Zombies have long been an object of fascination: horror film director George Romero has championed the zombie film since Night of the Living Dead almost 50 years ago, and recent revivals have meant that talk of the “zombie apocalypse” is common even today.
But fears of the walking dead are not peculiar to modern society, as a recent archaeological discovery has shown: the mutilated and burned bones of at least 17 people were found buried in a pit outside the deserted medieval village of Wharram Percy, in Yorkshire, England. These mutilations were carried out on the bodies after their death, it is suggested, out of fear that the dead might rise and walk among the living.
While Wharram Percy was excavated in the 1960s, these bones from the burial pit were only recently fully examined. Radiocarbon dating places the bones somewhere in the 11th-13th centuries, but they did not all die at the same time. Blade marks, mostly from knives rather than swords or axes, were left on the torso and head sometime during or shortly after death. The burning of the bones also would have occurred around the time of death, and some individuals may have been decapitated. The researchers argue that the two most likely interpretations of these burials are either cannibalism during a time of famine, or actions to protect against revenants.
Without suggesting one interpretation is more correct than the other, I would like to explore the latter suggestion further.
There are mentions of revenants – literally the “returned”, essentially the walking dead – in English written sources from the 11th-13th centuries. The Wharram Percy burials are reminiscent of an account in Geoffrey of Burton’s 12th-century Miracles of St Modwenna: two men run away to the nearby village of Drakelow in Derbyshire and die soon after, only to rise from the grave the following night carrying their coffins on their backs, terrorising villagers who are mysteriously found dead in the morning. This continues night after night until most of the village has been killed. In desperation, the survivors dig up the corpses of the two men, tear out and burn their hearts, and cut off their heads and place them between their legs.
This story has been used to suggest that the practice of placing severed heads between the legs of Anglo-Saxon and Romano-British burials was protection against revenants. However many scholars have recently argued that this sort of decapitation is more likely evidence of judicial execution. Yet the presence of both decapitation and burned bones at Wharram Percy is intriguing: burning of specific body parts or the whole corpse seems to have been much more crucial to destroying 12th-century revenants than decapitation. Additionally, blade marks found on some ribs in the Wharram Percy pit could have been from an attempt to remove the heart for burning.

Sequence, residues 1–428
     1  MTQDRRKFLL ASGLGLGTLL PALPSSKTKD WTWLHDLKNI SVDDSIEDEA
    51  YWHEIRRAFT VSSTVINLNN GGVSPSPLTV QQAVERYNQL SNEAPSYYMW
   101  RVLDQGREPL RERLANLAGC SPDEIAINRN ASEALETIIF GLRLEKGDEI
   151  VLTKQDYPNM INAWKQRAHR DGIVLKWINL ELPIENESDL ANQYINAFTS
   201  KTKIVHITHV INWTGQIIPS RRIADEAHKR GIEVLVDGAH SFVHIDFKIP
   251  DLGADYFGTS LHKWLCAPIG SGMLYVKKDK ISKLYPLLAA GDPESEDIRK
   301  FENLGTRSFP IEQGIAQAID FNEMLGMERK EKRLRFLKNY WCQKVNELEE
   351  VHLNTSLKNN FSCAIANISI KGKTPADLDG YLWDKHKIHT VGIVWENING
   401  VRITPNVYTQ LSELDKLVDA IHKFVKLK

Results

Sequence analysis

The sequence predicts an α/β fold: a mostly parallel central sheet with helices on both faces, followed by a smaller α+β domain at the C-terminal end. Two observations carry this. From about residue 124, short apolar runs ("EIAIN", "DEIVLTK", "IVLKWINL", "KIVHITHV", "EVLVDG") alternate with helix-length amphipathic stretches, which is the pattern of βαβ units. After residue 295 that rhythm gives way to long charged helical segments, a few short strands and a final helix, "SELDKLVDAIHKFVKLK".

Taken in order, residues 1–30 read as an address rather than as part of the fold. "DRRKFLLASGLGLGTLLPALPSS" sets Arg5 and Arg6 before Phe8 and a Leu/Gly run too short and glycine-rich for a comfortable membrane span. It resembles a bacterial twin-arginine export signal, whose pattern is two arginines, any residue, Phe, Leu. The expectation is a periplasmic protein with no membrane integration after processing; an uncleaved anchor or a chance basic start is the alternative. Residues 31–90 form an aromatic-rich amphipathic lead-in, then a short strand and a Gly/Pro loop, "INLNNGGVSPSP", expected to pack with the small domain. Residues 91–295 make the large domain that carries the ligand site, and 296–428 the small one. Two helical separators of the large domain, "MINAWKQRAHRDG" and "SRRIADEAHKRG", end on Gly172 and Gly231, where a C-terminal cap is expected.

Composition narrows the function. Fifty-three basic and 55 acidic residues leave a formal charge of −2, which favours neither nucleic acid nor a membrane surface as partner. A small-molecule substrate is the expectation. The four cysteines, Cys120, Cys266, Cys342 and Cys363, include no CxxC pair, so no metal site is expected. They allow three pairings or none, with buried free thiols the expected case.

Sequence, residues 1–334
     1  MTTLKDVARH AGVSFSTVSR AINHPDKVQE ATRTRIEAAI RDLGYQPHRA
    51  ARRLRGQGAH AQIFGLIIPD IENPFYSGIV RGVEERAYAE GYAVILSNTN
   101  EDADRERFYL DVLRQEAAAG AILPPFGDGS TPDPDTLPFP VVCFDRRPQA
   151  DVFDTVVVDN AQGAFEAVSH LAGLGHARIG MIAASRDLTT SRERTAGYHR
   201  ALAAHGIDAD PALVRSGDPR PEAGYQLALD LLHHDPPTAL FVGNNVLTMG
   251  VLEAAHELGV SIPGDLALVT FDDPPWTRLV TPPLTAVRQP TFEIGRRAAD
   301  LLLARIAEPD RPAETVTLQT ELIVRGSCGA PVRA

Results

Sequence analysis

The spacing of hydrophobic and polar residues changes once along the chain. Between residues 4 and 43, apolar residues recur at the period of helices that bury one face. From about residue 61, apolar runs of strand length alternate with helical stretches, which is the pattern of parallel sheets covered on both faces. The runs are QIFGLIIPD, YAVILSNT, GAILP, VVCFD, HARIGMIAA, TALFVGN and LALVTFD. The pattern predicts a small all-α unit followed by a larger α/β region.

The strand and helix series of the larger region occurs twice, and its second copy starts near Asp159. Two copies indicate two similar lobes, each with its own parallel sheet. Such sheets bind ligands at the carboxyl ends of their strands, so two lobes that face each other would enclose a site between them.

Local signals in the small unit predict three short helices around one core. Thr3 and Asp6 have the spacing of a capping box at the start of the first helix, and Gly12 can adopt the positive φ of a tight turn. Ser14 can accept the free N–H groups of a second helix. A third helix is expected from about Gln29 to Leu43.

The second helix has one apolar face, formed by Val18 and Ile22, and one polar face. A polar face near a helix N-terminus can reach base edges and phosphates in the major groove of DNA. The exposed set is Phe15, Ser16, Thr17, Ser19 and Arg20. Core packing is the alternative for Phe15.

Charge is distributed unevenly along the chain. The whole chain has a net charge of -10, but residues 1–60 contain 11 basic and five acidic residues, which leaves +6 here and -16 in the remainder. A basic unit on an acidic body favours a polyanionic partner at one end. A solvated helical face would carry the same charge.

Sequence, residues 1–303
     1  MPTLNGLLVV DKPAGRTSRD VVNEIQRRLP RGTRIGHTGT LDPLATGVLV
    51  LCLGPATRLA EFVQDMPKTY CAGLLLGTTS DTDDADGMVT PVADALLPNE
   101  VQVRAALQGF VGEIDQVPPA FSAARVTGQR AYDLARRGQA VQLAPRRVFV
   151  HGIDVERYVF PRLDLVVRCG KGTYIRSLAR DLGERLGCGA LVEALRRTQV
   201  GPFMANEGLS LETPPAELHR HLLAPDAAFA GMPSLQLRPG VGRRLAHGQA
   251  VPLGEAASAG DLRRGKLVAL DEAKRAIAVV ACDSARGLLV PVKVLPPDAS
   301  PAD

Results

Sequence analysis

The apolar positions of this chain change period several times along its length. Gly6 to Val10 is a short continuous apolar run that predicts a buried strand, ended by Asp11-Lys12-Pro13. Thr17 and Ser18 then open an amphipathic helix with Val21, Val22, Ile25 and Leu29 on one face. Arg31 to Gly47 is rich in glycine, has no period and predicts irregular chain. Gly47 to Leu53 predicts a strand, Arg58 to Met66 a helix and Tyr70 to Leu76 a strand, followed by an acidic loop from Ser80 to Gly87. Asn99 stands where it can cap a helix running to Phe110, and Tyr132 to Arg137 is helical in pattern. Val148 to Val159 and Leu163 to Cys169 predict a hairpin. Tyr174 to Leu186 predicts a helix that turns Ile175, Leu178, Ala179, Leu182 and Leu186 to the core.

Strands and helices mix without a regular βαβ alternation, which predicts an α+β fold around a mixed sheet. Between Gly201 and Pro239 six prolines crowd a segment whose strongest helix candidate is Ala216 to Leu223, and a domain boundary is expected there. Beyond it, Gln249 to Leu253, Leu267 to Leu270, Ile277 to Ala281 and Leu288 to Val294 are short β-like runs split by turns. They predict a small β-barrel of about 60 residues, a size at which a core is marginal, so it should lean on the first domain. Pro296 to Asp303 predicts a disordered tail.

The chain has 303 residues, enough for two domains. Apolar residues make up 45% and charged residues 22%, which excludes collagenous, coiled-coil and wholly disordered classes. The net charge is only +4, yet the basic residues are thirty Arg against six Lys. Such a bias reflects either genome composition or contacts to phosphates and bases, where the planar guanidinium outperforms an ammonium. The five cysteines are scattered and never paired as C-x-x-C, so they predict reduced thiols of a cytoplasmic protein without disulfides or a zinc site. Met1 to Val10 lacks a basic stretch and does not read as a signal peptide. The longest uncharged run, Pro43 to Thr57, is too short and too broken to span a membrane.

Accounts of revenants are uncommon before the Norman Conquest, but seem to suddenly appear in the late-11th and 12th centuries – around the time of the earliest Wharram Percy pit burials. Sheffield historian Charles West has argued that the story from the Miracles of St Modwenna may stem from social tensions due to changes of land ownership and lordship under Norman rule. The villagers who ran away, died, and rose from the dead had deserted the Abbot of Burton to take up with the new neighbouring Norman lord. As the Miracles of St Modwenna was written by a monk at Burton Abbey, a story where the exiles fared a terrible fate and the neighbouring village was forced to pray to the patron saint of Burton Abbey, St Modwenna, was an excellent way to demonstrate the power of the abbey and its saint.
Cambridge historian Carl Watkins has argued that the growth of revenant and ghost stories in the 12th and 13th centuries mirrored the growth of beliefs about penance and purgatory. For instance, in his Historia Rerum Anglicarum written between 1196 and 1198, William of Newburgh recorded the story of a man in Buckingham who died, but his corpse rose from the dead every night to wreak havoc, harass his brothers, and repeatedly attempt to climb back into bed with his wife. Locals wanted to exhume and burn his corpse but instead Bishop Hugh of Lincoln pinned a letter of absolution to the dead man’s chest, thereby easing the path of his soul through purgatory - and once again demonstrating the power of the church to protect its flock.
It’s easy to talk about how supernatural tales may reflect society’s fears, particularly since we all know that zombies don’t really exist (… right?). But if the Wharram Percy burials were indeed due to fear of the walking dead, this is evidence that in the Middle Ages these fears were very real. These individuals, local people, may have been dug up from the local cemetery by people who knew them in life, mutilated, burned, and reburied beyond the village area. We can only wonder what grievous social change or events could have occurred to lead them to act upon such fears of the walking dead. We may also wonder how many tales of revenants may have been true records of local events.
Wharram Percy, like Drakelow, was eventually abandoned. Perhaps the stigma of revenants was enough to haunt the village for centuries afterward.